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Mathematics: Journals/Articles

Resources and tools for the students and faculty of the UNO Mathematics Department

How to Identify and Locate Journals and Journal Articles

How do I find journals?

The Library holds journals in either print or electronic formats. There are several ways to find out if UNO has a particular journal:

  • If you know the name of the journal you're looking for, search the Library Catalog using our "Browse Search" function located on the right side of the screen, under "Catalog Searches." At the next screen, type the journal's title in the search box and click "periodical title." From the results list, just select the journal you were looking for.
  • If you don't know exactly what you're looking for, try searching the Library Catalog by entering "mathematics periodicals" in the search box next to the "subject" option and clicking search. This should give you an idea of some of the journals that UNO has in your subject area.
  • Alternately, you can browse and search only those journals that UNO has access to electronically by going to our E-journals page. From there you can search for a specific journal by name. To browse journals by subject, just click on the "Subject" tab at the top of the screen, then select "Science" from the drop-down menu and "Mathematics" on the following screen. The results list will include both mathematics and computer science journals.

How do I find journal articles?

The best way to find articles on topics in mathematics is to go to the Library's Mathematics Database List. Any of the databases on this list will provide you with a list of articles on whatever topic you're interested in. Not all of the articles retrieved from these databases will necessarily be available full-text online so if you run into that situation, figure out which journal the article is in and use the directions above to see if UNO has that journal in print or electronically.

There are also a few print indexes available which list past and current articles being published in mathematics. Try:

  • Mathematical reviews, 1940-present
    QA1 .M76, Floor 2 Aisle 2
  • Current mathematical publications, 1975-present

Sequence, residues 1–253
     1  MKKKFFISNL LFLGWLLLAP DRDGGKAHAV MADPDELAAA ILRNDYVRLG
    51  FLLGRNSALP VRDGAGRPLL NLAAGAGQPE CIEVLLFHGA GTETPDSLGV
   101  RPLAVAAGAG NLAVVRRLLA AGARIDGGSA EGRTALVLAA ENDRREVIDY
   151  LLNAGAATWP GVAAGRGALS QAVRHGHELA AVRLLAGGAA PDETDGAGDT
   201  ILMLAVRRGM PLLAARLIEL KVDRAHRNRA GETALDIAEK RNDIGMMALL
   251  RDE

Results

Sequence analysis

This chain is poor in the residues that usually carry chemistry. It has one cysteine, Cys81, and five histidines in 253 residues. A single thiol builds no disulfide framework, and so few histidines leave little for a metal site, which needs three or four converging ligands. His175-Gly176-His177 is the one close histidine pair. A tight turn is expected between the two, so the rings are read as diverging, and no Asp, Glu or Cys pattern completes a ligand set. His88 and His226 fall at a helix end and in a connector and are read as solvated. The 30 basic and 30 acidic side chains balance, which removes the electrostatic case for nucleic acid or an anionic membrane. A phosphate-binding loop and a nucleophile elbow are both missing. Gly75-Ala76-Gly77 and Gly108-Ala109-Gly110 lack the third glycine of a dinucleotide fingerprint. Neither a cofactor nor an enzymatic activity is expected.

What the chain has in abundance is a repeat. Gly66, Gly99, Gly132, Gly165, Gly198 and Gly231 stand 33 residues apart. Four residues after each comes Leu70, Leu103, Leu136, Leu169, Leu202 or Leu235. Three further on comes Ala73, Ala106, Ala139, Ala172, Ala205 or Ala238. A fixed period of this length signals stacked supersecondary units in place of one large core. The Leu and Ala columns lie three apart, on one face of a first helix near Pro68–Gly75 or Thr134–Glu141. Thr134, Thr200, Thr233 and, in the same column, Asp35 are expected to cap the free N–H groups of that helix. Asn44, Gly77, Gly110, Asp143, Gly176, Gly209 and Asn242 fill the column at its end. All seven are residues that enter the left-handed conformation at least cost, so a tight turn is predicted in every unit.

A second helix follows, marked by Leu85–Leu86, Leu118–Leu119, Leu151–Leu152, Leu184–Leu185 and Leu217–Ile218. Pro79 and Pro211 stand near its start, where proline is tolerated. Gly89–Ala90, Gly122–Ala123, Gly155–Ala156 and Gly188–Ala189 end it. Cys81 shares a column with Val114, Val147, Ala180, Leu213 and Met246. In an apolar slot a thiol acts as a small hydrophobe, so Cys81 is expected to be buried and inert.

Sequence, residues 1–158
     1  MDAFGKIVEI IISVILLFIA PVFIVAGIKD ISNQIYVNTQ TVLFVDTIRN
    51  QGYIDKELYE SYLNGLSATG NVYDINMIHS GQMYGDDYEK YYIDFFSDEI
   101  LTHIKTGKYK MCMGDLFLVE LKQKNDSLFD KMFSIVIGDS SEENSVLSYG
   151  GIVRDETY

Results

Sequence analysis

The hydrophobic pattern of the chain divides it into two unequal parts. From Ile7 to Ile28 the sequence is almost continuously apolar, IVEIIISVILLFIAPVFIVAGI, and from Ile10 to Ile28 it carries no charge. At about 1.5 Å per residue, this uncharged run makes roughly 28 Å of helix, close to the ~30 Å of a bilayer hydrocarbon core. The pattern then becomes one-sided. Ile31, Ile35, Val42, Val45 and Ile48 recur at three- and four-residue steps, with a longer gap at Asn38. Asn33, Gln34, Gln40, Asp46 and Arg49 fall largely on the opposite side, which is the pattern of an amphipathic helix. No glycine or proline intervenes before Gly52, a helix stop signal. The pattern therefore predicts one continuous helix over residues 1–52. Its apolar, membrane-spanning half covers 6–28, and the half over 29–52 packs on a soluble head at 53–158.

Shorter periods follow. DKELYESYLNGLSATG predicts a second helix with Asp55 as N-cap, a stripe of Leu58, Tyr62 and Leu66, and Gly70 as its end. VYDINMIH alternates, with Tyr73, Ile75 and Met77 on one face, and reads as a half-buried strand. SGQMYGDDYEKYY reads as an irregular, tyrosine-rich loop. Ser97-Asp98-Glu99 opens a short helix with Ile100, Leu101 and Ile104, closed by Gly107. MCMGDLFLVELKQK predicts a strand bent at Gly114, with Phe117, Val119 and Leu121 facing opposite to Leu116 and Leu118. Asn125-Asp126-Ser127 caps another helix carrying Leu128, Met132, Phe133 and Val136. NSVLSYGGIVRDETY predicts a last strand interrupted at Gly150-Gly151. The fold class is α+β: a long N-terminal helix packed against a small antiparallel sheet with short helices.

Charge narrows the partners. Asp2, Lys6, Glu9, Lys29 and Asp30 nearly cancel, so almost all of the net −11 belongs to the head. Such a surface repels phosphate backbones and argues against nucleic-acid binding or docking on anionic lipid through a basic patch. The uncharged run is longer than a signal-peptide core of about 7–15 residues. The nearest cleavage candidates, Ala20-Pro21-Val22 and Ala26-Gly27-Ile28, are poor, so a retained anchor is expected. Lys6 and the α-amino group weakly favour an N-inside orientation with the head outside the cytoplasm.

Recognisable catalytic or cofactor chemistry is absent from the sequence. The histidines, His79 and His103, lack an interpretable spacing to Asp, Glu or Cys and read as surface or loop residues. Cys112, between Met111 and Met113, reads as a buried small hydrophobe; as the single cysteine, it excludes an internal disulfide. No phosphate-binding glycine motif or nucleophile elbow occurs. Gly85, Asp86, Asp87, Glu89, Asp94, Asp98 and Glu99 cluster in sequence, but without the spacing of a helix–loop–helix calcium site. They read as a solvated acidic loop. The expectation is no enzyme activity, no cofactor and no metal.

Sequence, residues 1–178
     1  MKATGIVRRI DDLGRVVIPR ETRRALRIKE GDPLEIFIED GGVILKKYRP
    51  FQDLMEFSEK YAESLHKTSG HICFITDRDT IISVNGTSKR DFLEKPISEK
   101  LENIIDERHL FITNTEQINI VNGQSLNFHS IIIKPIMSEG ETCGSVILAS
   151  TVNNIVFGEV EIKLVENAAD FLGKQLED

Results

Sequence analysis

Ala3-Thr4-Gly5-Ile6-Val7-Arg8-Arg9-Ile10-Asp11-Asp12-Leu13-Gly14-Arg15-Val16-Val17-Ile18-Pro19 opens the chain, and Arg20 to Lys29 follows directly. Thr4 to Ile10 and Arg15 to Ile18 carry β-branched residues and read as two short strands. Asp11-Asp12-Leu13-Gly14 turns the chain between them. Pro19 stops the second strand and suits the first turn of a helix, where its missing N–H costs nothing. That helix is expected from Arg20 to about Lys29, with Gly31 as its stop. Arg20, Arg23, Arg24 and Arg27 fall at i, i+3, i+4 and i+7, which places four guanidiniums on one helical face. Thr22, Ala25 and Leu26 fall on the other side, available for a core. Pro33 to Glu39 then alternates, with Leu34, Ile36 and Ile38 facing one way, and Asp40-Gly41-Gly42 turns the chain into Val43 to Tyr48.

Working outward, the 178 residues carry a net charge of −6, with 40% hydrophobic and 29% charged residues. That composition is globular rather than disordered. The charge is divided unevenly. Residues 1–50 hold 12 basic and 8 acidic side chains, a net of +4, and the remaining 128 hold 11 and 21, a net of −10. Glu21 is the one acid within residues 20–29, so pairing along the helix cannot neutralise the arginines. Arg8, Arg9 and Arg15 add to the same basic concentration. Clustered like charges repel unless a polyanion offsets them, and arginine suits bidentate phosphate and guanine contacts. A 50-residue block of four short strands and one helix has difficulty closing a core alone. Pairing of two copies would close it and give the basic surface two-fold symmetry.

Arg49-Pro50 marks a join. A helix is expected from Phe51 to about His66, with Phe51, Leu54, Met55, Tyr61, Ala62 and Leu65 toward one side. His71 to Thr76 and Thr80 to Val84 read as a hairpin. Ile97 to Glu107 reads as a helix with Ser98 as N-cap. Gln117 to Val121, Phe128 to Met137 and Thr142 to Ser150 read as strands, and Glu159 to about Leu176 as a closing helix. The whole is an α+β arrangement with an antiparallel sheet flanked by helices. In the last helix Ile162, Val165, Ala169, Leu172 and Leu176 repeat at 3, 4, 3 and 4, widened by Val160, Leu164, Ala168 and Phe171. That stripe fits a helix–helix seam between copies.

QA1 .C75, Floor 2 Aisle 2

Can I access Library databases from off-campus?

Yes you can, when you click on a database name, you'll be taken to a screen that looks like this. Follow the directions to log-in. If you don't know your PIN or have never set up a PIN, go to our Remote Access page,  learn how this works, and set up your PIN for access. 

What if the Library does not have the materials I need?

Try our Interlibrary Loan service! Request the book or article through our iLLiad system and we'll get the book or article from another library for you for free.


Database Search Strategy

Database searching is a repetitive learning exercise; the more you practice, the better you get. Many databases function similarly: a basic search engine plus a set of relatively sophisticated limiting functions. 

Search interfaces have common features: the ability to search for topics by a keyword (like using Google), an author, the title of an article, a review, or a specific subject. The search parameters can sometimes be specialized according to subject matter indexed by a particular database.  One of the most important things you can do to learn about a database is to check the section (often in upper right-hand corner) labelled 'Help'. It will often define the terms you see listed in a database, and once you learn them you will find they are common to many databases.

Common limits you will see include ways to restrict your search to a specific time period, i.e. 2002- to the present, to filter out peer-reviewed from popular materials, to a certain journal, to a specific author, or publisher. All of these can be profitably used to narrow your search to retrieve high-quality citations and articles for your research. For help in database searching, please contact me (contact information on the right)   or contact the library's reference service via email or chat

Evaluating and re-evaluating search results gives you ideas for refining your search and retrieving more targeted results. Scan the titles of the articles in your search result list. Note any subjects included in the description. For an article that has a promising title, click on it and check the abstract--that will give you a good idea of the scope of the article. Is it entirely appropriate or partially appropriate to your research topic? You can profit from both varieties, but at the beginning of your search process, it is best to focus on articles that you can use in its entirety.

Connecting to full text is your next task. Many databases will offer you a link to the full text, but it isn't always available in every database. There are several options, in that case. The first is to check our catalog and find the journal in print. Using the citation from the database (you can often email yourself the full citation, sometimes in your preferred citation style), you can search the catalog and locate the item in the 2nd floor Periodical stacks. Copiers are located on the 1st and 2nd floors.

If UNO does not own the book or article you need you can use UNO's Interlibrary Loan service. Click on 'Frist Time Users' to create your personal account. Typical transit times are 7-10 days for printed materials and 1-4 days for online items. 

For help in searching, finding and using complete citations and questions about how to obtain materials, chat with a librarian online  or contact me, Hannah White at 504-280-6548 and

Math Databases